Shout! Factory // 1997 // 600 Minutes // Not Rated
Reviewed by Judge Josh Rode (Retired) // September 4th, 2011
That was nuts!
Norbert and Daggett are brother beavers who, despite the name of the show, aren't any angrier than anyone else. Norbert is cool, calm, and collected, but would rather sit around watching his favorite monster movies than do any work around the dam. Daggett is high-strung and only intelligent when the script needs him to be. In short, the show's setup is the classic "straight man/bumbling idiot" routine. With beavers.
The Angry Beavers: Seasons One and Two begins with an origin episode: Norbert and Daggett are living with their parents, but as soon as the narrator mentions that beaver parents only house one litter at a time, the brothers are unceremoniously shoved out the front door. The fact that it starts at the beginning is about as logical as the show gets. Cartoons are not known for continuity. The events of one episode are usually self-contained and have little or no bearing on subsequent episodes. The Angry Beavers takes this discontinuity to another level; literally anything can happen. Be prepared for hippies, sinister pond scum, a sentient tree stump, and a flock of stripteasing sheep. You read that correctly.
This episodic unpredictability has the potential to be one of the show's greatest strengths but, unfortunately, the unlikeliest episodes also tend to be the worst-written ones. Instead of using the unique premise as a springboard to something great, the script invariably reverts to broad gags and overly simplified solutions. My guess is that the episodes were just too short to give the ideas their full due, but the end result is an uneven mix. There are laugh-out-loud moments, but there are far too many yawners mixed in.
The lack of continuity means that The Angry Beavers shares character weaknesses of other cartoons. Neither Norbert nor Daggett grow or change; they make the same mistakes over and over, just in different contexts and to different extremes. A typical episode involves the brothers doing something they think will be fun, and usually either the mass destruction of everything in the vicinity or a tremendous amount of pain for Daggett. The best parts of the show are those that feature the brothers' monster movies, which are hilarious spoofs on 1950s-style sci-fi flicks. Season two includes "The Day the Earth Got Really Screwed Up," the Halloween special that features the stars of those films, who speak and behave exactly like their characters. The episode is a great encapsulation of everything that is good and bad about Angry Beavers: a great premise with some really funny moments, interspersed with cheap gags and disappointing character interaction. Just like the show, it could have been a classic, but trips over its own feet.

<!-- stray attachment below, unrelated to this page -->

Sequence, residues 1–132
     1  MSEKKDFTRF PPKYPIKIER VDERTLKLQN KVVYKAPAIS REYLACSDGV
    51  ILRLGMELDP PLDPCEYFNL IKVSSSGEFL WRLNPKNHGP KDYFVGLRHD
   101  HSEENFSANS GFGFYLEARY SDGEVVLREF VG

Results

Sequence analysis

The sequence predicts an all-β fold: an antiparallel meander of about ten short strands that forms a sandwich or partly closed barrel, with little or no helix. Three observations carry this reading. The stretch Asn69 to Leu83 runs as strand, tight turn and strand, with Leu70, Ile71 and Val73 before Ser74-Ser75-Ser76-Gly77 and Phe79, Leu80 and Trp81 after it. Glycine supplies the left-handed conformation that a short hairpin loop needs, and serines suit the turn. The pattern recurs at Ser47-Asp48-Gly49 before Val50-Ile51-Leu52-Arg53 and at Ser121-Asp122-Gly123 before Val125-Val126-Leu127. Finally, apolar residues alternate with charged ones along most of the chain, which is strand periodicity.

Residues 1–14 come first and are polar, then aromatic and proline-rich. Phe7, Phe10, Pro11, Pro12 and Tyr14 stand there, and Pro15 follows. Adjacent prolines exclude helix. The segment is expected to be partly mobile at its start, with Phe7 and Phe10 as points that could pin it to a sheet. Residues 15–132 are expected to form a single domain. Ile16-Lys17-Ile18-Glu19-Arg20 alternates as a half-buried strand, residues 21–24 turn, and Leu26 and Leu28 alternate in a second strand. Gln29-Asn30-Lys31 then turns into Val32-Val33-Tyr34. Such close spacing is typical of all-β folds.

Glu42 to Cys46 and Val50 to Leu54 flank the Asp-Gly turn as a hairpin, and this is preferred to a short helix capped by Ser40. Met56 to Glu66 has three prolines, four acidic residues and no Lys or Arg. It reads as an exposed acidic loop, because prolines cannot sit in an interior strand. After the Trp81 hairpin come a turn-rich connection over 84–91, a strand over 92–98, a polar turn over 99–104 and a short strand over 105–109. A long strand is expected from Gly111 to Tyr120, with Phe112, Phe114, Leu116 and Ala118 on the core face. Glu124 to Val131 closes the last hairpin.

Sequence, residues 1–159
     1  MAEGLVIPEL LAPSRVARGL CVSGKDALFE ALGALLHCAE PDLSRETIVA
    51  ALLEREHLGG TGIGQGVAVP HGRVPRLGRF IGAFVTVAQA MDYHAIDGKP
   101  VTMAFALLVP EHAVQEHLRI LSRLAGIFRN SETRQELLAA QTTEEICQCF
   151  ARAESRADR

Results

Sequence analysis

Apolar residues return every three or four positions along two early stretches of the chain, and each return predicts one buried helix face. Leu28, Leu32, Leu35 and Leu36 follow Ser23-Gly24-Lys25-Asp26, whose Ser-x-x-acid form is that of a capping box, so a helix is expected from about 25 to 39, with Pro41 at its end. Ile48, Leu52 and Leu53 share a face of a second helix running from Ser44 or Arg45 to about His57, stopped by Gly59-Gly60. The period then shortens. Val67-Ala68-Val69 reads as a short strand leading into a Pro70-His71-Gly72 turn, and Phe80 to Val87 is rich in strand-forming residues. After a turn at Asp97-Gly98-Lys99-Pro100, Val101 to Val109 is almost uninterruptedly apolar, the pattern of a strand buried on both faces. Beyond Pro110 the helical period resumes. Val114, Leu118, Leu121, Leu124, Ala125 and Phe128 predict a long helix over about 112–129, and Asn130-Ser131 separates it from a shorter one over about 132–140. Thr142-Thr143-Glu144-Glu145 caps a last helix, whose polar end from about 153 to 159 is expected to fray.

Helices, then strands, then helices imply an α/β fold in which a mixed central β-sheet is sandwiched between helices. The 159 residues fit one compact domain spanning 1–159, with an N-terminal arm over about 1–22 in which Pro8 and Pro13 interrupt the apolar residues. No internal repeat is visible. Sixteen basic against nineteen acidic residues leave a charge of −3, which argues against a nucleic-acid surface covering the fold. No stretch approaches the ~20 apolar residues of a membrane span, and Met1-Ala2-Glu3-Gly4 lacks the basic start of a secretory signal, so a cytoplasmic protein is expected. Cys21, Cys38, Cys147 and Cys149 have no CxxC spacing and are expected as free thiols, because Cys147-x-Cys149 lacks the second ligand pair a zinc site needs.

The voice work is great, and the main characters are tremendously engaging. Nick Bakay's (Sabrina, the Teenage Witch) Norbert is a dulcet-toned smooth talker who constantly mispronounces common words, apparently to make them sound foreign and therefore cooler (such as "refriera-twa"). Richard Steven Horvitz (Invader Zim) gives Daggett a lot of life simply by adding little sounds when he's not actually talking. His nasal-pinched voice goes perfectly with his frenetic mannerisms.
The Angry Beavers: Seasons One and Two contains four discs and 26 episodes, although as is usual for these kinds of shows, most of the "episodes" actually contain two stories. So there are really 51 shorts including the double-length Halloween special. The show is presented in its original full frame aspect ratio. The picture is clean, with bright colors and decent depth, given the simplistic nature of the animation. The Dolby 2.0 stereo sound is fine; everyone is easy to understand and the music stays nicely balanced. There are no extras per se, but the show has its own little Easter eggs, such as the ever-changing jokes throughout the credits and the episode titles that are often far funnier than the corresponding storylines.
The Angry Beavers: Seasons One and Two is inches away from joining the pantheon of cartoons that transcend their original time period to become true classics. Instead, it's simply a fun show that has enough chuckles to keep the kids entertained through a rainy afternoon.
Review content copyright © 2011 Josh Rode; Site layout and review format copyright © 1998 - 2014 HipClick Designs LLC
Scales of Justice
Studio: Shout! Factory
* Full Frame
* Dolby Digital 2.0 Stereo (English)
Running Time: 600 Minutes
Release Year: 1997
MPAA Rating: Not Rated